Adam: There were two of us, and now there's 11 across Sydney in Melbourne. So, it's growth here at True. And we've seen ourselves go from the 13th largest global search firm to now the sixth. So it's been a very interesting journey. 

Renata: Oh, wonderful. I love to see that because that means that in Australia, we are growing in that space, that, you know, startups and companies that are high growth in tech. I love it! So excellent to have you on board, Adam. 

Renata: Jacinta, we have spoken to you before on the podcast, but give us a little bit of an update on what you have been doing since the pandemic hit. 

Jacinta: Yeah, thanks, Renata. I run watermarks Melbourne office, and watermark in Australia has three service offerings, we do a search business, a traditional executive search, we do a board placement board appointment, and then do interim executive. My particular area of specialty over 25 years is the interim executive. And that is something that is really growing and taking off as, particularly if we're in a tight labor market, people are looking at alternate ways to source talent and this concept of, a pool of people who don't, look for a permanent role but are think you need to work differently is really something that's resonating with the market. 

Renata: Yeah. We address this a lot because of the caliber of my clients. So my clients tend to be over 40. I have a client she's in her thirties, but most of my clients are in their forties, fifties, or sixties.

Renata: And that idea of the flexibility of the interning is so much part of the post-pandemic reflection that people are doing, so we do tend to go back to watch those two episodes quite often, Jacinta, and you step in to do a master class inside my group coaching program. So thank you so much for being so active and such a great advocate for, for what I think is the future for many of us in the corporate sector.

Renata: But today we are here because outside of this public environment of the podcast, we talk about this a lot, about who candidates should call first when they need a job, should they go to a recruiter or should they go to a career coach? What is the difference between recruiters and career coaches? You know, is it clear? Have we helped educate professionals to understand what the difference is and what different types of professionals can come in to support them at other times in their careers what you need to know before you go job hunting to make everything smoother and easier, not just for you but for the other stakeholders involved in your recruitment and selection process?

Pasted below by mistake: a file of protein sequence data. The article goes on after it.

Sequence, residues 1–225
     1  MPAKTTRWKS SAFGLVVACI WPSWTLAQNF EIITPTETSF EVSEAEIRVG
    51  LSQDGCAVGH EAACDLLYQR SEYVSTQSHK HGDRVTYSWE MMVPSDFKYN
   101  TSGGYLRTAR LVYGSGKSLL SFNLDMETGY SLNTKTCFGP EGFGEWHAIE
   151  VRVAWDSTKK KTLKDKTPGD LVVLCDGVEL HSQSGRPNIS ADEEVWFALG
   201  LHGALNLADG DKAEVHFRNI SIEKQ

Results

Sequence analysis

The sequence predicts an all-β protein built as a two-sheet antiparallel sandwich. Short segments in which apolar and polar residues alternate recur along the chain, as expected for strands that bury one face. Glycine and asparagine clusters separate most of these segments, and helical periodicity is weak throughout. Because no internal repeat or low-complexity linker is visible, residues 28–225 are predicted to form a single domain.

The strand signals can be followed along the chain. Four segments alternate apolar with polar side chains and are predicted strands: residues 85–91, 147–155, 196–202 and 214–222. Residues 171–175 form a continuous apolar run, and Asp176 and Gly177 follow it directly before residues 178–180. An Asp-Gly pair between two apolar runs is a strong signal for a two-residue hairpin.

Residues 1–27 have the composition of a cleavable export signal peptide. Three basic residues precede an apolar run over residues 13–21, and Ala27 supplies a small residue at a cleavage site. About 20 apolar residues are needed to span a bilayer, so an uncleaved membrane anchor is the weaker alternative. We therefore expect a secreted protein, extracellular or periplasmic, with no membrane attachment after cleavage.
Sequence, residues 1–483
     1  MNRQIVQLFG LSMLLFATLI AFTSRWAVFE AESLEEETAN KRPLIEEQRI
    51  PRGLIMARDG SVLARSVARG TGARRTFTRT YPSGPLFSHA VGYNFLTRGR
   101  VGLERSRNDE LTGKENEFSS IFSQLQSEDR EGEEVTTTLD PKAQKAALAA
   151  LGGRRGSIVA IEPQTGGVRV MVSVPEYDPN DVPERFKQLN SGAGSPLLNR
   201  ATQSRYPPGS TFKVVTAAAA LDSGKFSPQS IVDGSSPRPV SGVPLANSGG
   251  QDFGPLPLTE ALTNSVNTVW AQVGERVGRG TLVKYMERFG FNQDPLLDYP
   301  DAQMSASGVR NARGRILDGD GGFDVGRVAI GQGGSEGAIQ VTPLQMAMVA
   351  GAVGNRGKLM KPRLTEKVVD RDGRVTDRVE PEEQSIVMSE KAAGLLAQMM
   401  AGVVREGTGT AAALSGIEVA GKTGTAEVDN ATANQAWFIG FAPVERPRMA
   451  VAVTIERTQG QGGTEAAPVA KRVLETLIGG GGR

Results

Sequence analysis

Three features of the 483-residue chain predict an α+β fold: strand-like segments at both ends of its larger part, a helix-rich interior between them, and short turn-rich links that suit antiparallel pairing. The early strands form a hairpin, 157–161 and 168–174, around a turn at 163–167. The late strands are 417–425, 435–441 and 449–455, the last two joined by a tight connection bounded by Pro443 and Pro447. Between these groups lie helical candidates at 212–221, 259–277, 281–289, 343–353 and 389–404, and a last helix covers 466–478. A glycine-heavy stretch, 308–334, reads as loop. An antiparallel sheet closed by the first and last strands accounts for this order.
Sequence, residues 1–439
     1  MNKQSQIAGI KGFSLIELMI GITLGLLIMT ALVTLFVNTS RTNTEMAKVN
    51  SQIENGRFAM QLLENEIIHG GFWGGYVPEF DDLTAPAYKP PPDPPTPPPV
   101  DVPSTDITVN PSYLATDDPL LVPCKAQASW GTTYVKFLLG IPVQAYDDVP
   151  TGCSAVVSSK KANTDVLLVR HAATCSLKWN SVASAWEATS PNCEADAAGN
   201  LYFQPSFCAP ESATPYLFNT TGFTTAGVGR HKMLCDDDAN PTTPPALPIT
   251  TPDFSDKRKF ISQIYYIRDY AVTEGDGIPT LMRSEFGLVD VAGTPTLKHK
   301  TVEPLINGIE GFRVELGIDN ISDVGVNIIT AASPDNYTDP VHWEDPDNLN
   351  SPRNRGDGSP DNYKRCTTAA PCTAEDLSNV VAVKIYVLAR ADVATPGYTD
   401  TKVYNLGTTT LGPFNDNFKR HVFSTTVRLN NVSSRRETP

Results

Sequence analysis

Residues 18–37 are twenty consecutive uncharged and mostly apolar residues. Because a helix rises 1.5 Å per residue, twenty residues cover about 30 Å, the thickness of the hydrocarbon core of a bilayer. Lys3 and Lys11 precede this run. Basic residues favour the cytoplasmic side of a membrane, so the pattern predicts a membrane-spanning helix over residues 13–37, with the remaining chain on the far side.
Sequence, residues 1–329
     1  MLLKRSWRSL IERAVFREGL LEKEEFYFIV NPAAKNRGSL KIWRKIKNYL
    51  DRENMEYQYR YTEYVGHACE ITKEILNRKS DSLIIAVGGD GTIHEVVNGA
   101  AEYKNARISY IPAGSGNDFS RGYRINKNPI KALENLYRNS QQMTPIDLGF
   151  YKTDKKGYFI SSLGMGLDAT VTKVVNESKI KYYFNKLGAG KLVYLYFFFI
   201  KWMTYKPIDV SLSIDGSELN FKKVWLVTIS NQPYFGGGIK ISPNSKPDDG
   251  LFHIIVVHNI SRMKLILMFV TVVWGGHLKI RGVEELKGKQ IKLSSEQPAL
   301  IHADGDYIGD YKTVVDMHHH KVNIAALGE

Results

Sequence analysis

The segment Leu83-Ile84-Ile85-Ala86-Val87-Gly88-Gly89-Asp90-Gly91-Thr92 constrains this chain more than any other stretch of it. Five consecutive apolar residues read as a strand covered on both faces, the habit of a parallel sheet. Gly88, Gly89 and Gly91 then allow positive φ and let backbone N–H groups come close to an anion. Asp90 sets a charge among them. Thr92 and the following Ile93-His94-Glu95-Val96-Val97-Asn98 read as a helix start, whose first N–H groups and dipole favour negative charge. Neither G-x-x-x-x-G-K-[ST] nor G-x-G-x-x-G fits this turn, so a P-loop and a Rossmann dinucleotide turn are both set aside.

Renata: So we are going to address this today. I think we're all very warm and ready to go because we really want to address this and let as many people as possible know what the difference is. And I think this is just the beginning of hopefully something that we can partner together, Jacinta and Adam, to talk more about.

Renata: So, who wants to go for it first in answering? What is the role of a recruiter? 

Jacinta: Adam? You take it away. 

Adam: Yeah. Okay. So, in executive search effectively, how it works is we're retained by an organization to go out and find a particular C-suite member with very specific skills, with a very specific background, and quite a defined mandate.

Adam: We spent a lot of time. You know, with our clients up front defining that mandate. So the room for error for us is very small. And so when it comes to us actually approaching the market, usually we're on the front foot, and we're approaching people that are passively looking, in the ecosystem.

Adam: And we are trying to make that into, make that talent more mobile, so that the organization can attract them, you know, in their own time. Now, that is blended quite well with individuals or C-suite members that are in our ecosystem that are looking for the next role and that are more active in the ecosystem.

Adam: And I think this would play into your experiences as well, just since, in the interim space is that those individuals do form part of the job search. And they are people that are available to us and probably make the most noise. I would assume, you know, in our lives on a weekly basis around their next opportunity.

Adam: Now interestingly, you know, we talk about that experience, and the time that that takes to work with those particular individuals, I think if they come well coached, well prepared, they're crisp, they're articulate. They know exactly what the next three to five years looks like and the next five to 10 years beyond that.

Adam: Yeah. You know, that's a real position of strength that defines that immediately available market. You know, when we're actually looking to formulate short lists or long lists, or actually give our clients ideas in the ecosystem. So I think that is easier said than done, however. So usually, what we end up finding is we're more of a counselor. They come to us with their burdens, with their troubles, the why things haven't worked out, why things, what, why who's to blame, you know, where they're going next, and you don't become an agony aren't but it's not a bad statement. Right? I think candidates that come to us that are looking, that have been coached, that have spent time on their strategic plan that has spent time on their career, that understand what's next and understand exactly how we can define and help them, you know, make the transition into the next appointment. Yeah, the difference between those massively it's ma it's stuck. And I can tell you that it's the latter that's far more attractive.